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AOL likely to cut 1,000 jobs this week

The Internet and media giant is likely to lay off around 1,000 employees from its online division this week, according to sources familiar with the plans.

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AOL Time Warner is likely to lay off around 1,000 employees from its online division this week, according to sources familiar with the plans.

Although sources said Monday that the reduction is on schedule, they warned that the announcement could be delayed. They said the cuts would affect about 1,000 employees, clarifying previous estimates of "several hundred."

America Online spokesman Jim Whitney declined to comment on the anticipated layoffs. AOL employs 16,000 people.

The expected layoffs would mark the second round of cuts in the Internet unit since America Online and Time Warner merged in January. Shortly after the deal closed, the combined company slashed about 2,400 jobs. Divisions affected by the cuts included America Online, CNN, Time Inc., Warner Bros. Online, Warner Music Group and New Line Cinema.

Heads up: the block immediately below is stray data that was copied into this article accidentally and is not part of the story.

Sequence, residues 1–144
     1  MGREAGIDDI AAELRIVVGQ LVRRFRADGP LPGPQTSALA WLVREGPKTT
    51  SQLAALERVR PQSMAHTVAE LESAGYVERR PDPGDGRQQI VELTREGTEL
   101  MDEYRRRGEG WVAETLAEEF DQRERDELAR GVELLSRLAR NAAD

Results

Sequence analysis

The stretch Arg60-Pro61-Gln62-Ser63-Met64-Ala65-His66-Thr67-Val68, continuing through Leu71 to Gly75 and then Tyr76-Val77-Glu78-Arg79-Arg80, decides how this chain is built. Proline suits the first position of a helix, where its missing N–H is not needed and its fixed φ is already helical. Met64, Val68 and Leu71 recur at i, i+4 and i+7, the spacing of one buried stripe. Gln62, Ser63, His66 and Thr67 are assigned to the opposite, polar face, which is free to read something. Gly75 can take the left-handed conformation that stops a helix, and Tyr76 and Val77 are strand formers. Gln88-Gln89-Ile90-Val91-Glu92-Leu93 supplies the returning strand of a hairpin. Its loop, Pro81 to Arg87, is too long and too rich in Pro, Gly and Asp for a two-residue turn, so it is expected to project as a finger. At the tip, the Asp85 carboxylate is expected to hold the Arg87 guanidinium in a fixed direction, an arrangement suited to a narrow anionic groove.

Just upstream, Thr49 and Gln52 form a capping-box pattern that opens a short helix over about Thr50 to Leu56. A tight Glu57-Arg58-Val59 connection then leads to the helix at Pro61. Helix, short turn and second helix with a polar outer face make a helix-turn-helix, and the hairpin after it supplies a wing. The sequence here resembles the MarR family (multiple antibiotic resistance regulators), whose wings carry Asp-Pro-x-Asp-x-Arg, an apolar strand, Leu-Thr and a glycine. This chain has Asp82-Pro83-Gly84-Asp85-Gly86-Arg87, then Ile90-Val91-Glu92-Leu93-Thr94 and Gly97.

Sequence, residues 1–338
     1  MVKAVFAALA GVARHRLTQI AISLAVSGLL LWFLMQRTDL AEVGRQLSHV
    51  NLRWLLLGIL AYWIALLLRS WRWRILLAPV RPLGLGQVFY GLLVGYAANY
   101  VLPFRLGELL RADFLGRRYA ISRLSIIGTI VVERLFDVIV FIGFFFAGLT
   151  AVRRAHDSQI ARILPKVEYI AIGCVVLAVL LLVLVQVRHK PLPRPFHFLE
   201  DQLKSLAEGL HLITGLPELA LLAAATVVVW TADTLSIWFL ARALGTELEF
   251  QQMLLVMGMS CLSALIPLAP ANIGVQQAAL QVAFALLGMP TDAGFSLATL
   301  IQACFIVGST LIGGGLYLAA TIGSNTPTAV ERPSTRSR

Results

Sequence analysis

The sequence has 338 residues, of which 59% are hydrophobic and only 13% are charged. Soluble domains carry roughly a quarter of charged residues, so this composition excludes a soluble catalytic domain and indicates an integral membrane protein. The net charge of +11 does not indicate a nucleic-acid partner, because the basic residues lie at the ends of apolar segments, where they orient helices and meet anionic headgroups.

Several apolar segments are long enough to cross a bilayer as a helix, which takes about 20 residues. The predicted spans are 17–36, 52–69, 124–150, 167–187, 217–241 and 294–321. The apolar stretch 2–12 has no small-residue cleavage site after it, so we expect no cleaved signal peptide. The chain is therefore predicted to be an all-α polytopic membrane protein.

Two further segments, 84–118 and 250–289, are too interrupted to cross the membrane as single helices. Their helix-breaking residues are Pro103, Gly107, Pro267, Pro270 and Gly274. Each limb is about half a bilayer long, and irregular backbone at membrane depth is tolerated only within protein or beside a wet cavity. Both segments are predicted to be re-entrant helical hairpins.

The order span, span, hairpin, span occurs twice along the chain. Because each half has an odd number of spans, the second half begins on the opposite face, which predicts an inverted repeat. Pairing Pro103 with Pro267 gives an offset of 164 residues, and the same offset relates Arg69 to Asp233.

AOL Time Warner executives have been publicly cost conscious and have set aggressive financial goals for the end of the year. The company is trying to reach $40 billion in revenue and $11 billion in earnings before interest, taxation, depreciation and amortization (EBITDA).

However, the souring economy and the collapse of advertising dollars seem to have affected the company's financial momentum. Last quarter, AOL Time Warner's revenue fell short of expectations, sparking concern on Wall Street that the company may have set its sights too high.

AOL Time Warner executives in the past have exhibited confidence that their multifaceted business would be less susceptible to a weakened economy. Executives pointed out that should advertising revenues fall, the company could fall back on its subscription businesses, including cable TV and the America Online service.

But advertising covers 25 percent of the entire company's revenue, leading Wall Street to question AOL Time Warner's immunity to the economic downturn.

"If there's overall weakness in online advertising, AOL may find a tougher business climate as well," said Jordan Rohan, an equity analyst at Wit SoundView. "Nobody is immune."

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